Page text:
Love doesn’t see color. I don’t think that statement can stand in today’s society when everything is based on color, race, ethnicity, class or anything else man can conjure up. I believe it is the very essence of what love is, the embracing of the difference of two people, it represents – you are what I am not, thus I love that about you and I want to spend the rest of my life exploring the beauty of what makes you, you. That is my fantasy. I often find it fascinating to engage with couples who find their way in this world, so focused on causing division or rather promoting division.
Through it all somehow people still fall in love, build families, and thrive in a society that is so broken- that you know it is true love. This is not to say that it is an easy road, and there are not obstacles to face. Nor do I think that any interracial couple can tell you they have not experienced some sort of adversity in their union, from family members, friends, strangers and the media. But their decision to stick it out, fight for it until death do you part is the ultimate sacrifice for love.
Please allow me to introduce you to a couple I briefly met some years ago. I met Todd at Melky Jean’s wedding, she is the sister of famed Haitian-Artist Wyclef Jean. This charming young man, had a presence, but his charisma was what his friends seemed to love most about him. We became Facebook friends, and I started noticing the wonderful pictures and posting of he and his beloved Brandi, a beautiful brown woman with a radiant smile. His joy being with her was refreshing, to say the least. What fascinated me most was his Jewish background, which to some can be a challenge but it did not seem to bother either of them.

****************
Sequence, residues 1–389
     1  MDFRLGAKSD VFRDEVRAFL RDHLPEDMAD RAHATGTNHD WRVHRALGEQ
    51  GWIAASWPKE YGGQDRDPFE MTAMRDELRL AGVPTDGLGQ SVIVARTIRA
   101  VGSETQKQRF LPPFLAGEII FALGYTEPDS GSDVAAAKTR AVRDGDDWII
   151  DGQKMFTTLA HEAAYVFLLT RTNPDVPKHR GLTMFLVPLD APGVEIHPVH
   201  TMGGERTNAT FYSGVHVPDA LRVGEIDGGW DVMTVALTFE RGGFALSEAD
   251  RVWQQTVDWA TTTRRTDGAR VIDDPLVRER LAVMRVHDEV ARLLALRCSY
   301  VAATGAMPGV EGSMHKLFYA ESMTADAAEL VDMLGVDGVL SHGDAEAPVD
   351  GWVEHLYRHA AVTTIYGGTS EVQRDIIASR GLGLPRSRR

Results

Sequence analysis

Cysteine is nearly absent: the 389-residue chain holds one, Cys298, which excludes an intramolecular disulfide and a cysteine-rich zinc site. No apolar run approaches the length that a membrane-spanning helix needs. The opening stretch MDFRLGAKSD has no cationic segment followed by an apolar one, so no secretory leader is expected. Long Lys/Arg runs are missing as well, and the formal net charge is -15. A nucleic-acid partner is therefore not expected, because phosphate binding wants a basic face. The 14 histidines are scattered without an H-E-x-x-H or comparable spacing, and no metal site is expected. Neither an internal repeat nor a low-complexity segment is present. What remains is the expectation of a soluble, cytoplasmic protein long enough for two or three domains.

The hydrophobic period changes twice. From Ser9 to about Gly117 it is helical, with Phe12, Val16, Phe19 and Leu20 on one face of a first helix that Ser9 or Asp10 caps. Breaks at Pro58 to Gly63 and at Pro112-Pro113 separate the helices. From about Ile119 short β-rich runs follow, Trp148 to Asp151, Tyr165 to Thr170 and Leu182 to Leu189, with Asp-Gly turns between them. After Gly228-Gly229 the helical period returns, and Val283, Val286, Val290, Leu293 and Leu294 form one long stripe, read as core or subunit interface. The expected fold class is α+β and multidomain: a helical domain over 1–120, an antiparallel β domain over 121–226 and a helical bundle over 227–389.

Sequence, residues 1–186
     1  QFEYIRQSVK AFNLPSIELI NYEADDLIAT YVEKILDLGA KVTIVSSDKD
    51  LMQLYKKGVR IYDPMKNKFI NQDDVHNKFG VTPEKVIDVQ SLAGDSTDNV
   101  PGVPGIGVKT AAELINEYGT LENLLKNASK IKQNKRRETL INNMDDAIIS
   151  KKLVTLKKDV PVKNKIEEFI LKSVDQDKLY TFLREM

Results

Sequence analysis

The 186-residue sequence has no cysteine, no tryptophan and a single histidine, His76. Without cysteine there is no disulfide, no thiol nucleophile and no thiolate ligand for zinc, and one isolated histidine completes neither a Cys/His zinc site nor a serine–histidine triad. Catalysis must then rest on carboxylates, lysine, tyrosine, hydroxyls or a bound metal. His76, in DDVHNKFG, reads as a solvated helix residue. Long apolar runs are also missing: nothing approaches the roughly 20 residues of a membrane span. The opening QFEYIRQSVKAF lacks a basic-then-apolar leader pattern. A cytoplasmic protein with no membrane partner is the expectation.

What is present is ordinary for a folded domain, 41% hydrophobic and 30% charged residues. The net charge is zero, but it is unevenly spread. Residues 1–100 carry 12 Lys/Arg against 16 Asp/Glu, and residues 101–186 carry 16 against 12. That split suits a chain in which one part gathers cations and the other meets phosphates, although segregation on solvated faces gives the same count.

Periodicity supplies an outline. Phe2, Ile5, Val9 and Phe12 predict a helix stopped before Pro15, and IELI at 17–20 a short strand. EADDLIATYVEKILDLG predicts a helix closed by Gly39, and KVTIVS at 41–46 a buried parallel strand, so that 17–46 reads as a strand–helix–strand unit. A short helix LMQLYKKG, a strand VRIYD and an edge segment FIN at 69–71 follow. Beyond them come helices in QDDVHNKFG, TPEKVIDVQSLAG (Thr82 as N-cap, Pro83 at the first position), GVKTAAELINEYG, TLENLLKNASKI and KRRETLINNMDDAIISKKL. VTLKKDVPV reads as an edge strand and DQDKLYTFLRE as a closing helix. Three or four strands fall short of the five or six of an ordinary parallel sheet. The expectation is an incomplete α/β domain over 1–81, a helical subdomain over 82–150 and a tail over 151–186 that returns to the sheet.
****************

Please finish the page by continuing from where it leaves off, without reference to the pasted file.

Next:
Fast forward to the birth of their son, their pictures showed that their love continued to blossom, literally. But tragedy and reality set in as the reflection of young black men getting murdered and the need to protect their loved ones. One day I noticed that Todd had posted one of the most brilliant, heart felt, an ugly-cry letter that left me shivering and as a parent I literally feel his pain. Somewhat like what Matthew McCaugney did in a Time To Kill, he described the vicious scene of the violation of the daughter of Samuel L. Jackson, then describing her as a little white girl. It shocked the crowd and the audience viewing it. It hit home. That is what Todd’s love letter did for me.
Then fast forward, he announces his marriage, and his second child’s upcoming birth. This man was devoted to his family and we knew we had to cover their love story. Quite honestly, right now we need to show the reality of the world- it is diverse and there is nothing anyone can do to stop it.
So with great pleasure we introduce you to Mr. & Mrs. Michaels
Brandi Rochel Paul and Todd Jordan Michael
She: Black American from Texas, He: Jewish American from Miami.
She: Insurance Consultant, He: Attorney
How did you meet?
Our history is unique, and is my favorite part of our story. I like to joke that we did everything backwards: We met, got divorced, had a child, and then got married. We first met at a Miami Heat game in 2008. I was there with my dad, and she was there with a girlfriend. We had a mutual friend, and both went down to meet him in the Grey Goose Lounge. A few months later, I met up with our mutual friend to watch a football game, and he mentioned that Brandi had asked about me. I got her number from him and we started talking. We hit it off really quickly and instantly. In August of 2010, we had our first child. We then hit some bumps in the road, most of which were my fault…I had a little growing up to do. Through it all, we loved each other, and were both excellent parents. Our story is truly a testament to perseverance. We worked through our issues, and got engaged in the early part of 2016. Soon after, we found out that our second child was on the way. We decided not to tell any of our friends, and had a small private wedding on May 28, 2016. Brandi thought it was just going to be us and our parents, but I surprised her and flew our siblings and her two childhood best friends in to join the celebration. It was a really unique, and perfect day.
What was your inspiration behind the wedding?
Family, no doubt about it.